Oct 20, 2008

Burn After Reading

"Burn After Reading" is, quite simply, a wonderful cinema experience. Funny, clever, topical, it is another chapter in the impeccable Coen Brothers book of film. Coming hot on the heels of the truly perfect "No Country For Old Men", this wildly funny film shows the Coens can access all areas of the cinematic spectrum. Superbly acted and wonderfully written, this film hits all the right marks. In spades.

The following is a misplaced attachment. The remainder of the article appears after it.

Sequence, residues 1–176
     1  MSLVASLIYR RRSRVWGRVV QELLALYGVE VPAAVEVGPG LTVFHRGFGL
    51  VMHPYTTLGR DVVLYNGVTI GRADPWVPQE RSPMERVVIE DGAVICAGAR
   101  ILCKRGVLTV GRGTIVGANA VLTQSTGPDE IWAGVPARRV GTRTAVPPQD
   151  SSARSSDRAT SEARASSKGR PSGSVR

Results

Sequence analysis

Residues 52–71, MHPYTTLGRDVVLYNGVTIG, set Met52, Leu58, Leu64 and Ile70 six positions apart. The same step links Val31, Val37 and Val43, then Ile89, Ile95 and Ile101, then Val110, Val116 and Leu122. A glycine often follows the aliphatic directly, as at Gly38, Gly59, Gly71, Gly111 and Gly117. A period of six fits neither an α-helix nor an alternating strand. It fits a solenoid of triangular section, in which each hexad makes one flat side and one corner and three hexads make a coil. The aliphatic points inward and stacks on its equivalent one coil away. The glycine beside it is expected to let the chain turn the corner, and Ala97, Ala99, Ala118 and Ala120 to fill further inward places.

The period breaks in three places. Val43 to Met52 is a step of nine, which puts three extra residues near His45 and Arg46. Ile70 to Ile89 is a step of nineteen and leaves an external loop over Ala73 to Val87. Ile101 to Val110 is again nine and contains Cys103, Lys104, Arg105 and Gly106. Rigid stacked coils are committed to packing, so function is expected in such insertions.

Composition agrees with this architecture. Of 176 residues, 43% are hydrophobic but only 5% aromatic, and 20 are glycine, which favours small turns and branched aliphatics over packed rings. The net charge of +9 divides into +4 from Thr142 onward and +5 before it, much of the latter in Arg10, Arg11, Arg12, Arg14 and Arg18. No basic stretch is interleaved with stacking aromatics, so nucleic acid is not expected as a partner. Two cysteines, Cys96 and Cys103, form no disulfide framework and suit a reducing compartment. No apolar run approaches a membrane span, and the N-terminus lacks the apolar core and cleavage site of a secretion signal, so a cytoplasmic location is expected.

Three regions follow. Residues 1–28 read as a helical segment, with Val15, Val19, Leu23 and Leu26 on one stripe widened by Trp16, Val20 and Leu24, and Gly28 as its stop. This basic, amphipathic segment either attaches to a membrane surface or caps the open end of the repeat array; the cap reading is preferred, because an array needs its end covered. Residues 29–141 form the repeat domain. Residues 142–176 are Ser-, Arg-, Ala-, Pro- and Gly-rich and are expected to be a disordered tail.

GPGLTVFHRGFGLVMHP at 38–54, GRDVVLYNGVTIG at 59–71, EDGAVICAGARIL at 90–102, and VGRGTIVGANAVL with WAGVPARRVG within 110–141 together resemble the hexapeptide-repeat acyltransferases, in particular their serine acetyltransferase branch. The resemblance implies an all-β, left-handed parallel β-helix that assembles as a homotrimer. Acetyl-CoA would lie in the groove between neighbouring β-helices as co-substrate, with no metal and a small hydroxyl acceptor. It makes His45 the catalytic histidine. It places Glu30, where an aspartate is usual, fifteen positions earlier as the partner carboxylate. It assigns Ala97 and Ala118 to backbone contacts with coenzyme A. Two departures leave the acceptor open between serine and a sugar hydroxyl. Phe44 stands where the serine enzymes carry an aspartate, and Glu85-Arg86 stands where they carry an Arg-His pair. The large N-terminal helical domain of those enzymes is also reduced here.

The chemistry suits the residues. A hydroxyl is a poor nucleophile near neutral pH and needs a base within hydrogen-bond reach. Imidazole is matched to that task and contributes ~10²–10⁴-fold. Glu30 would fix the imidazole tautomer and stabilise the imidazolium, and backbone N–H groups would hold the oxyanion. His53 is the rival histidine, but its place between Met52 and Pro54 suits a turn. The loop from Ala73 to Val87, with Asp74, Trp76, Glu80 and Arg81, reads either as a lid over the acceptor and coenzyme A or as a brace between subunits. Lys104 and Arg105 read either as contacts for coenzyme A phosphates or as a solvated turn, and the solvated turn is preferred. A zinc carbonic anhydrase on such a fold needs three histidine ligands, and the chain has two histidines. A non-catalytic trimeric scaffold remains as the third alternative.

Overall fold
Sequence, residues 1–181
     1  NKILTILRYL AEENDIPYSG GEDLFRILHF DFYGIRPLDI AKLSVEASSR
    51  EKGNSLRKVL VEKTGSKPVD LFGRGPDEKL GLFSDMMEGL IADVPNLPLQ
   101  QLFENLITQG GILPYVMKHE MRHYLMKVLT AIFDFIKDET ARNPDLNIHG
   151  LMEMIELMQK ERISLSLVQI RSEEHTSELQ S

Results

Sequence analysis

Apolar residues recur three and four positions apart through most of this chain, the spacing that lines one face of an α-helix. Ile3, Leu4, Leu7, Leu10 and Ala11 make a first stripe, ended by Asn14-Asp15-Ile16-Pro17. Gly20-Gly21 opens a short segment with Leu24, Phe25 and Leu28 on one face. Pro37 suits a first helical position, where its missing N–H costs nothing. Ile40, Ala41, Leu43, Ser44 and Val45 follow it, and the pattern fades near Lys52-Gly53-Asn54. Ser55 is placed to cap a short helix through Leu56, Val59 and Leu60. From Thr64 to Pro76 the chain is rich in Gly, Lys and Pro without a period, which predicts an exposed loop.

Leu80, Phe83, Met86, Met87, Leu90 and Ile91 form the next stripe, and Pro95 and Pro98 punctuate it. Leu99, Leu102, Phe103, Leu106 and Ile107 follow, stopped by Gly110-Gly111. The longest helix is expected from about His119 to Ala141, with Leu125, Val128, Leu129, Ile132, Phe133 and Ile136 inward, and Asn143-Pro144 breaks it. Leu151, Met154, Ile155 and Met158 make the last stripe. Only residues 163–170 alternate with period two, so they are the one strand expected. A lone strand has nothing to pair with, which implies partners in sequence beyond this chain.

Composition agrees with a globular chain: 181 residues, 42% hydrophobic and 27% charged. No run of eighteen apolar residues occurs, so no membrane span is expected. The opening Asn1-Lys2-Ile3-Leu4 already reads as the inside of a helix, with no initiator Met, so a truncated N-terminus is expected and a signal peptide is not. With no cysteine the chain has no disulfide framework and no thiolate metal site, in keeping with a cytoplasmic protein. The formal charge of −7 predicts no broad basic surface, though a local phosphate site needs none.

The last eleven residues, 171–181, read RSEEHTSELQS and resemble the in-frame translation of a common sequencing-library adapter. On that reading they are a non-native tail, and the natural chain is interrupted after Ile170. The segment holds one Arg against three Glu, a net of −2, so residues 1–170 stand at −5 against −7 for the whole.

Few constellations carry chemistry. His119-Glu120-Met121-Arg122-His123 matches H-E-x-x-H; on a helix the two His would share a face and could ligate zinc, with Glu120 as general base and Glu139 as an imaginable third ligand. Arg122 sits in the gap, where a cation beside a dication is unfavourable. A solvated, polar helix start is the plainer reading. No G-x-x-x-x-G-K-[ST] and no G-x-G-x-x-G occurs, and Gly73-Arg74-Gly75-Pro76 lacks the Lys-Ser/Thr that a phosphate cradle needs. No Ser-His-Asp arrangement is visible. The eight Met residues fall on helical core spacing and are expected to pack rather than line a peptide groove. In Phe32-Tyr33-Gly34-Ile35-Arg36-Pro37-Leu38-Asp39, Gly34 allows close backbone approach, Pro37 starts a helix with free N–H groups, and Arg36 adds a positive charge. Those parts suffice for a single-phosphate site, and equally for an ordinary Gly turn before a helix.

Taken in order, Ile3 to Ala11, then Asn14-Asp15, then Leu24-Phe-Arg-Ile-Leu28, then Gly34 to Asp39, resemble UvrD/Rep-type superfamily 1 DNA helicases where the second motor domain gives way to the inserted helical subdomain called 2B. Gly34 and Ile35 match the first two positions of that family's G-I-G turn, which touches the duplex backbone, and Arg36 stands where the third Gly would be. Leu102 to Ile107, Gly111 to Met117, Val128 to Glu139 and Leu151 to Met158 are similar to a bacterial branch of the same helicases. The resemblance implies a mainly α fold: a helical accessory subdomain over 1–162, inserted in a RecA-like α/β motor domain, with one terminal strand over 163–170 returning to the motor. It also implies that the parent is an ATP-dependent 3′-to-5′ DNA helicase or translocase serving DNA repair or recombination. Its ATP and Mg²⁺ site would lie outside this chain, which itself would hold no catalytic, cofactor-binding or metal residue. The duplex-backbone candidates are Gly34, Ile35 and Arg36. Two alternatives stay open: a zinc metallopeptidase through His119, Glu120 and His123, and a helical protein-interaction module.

"Burn After Reading" is, on the surface, an espionage film. Deep down though it is a film about human foibles and failures, told with great wit and panache. Osbourne Cox (John Malkovich) is a burnt out CIA operative who has quit his post after receiving a demotion. He is unhappily married to the austere Katie (Tilda Swinton), who is having an affair with the hyperactive and sometimes paranoid Harry Pfarrer (George Clooney), who works at Treasury and is also having his own marital problems. Stepping into their high octane world are the precipitously hopeless pair of Linda Litzke (Frances McDormand) and Chad Felheimer (Brad Pitt), who work at a fitness centre where they find a disk of supposedly classified information. Their plan to sell the disk only leads to disaster and despair, although with hilarious results. As stated, this game of cloak and dagger and clandestine meetings is told with brisk pace and sharp wit. However, this really serves as a backdrop to the machinations of the central characters human failings. Greed, jealousy and decpetion are all in full force as scenarios play out, often badly. As would be expected, the script is razor sharp with many delicious lines. And the cast is truly superb. Malkovich is wonderful as the almost psychotic Cox, whilst Clooney is superb as the confused and harrassed Pfarrer. Brad Pitt's scenes are hilarious too, as he shines as a simple man way in over his head. The film is also a sharp commentary on the world of international politics and diplomacy, gleefully pointing out its many hypocrisies. Ladies and gentlemen, once again your cinematic experience is safe in the hands of the Coens.

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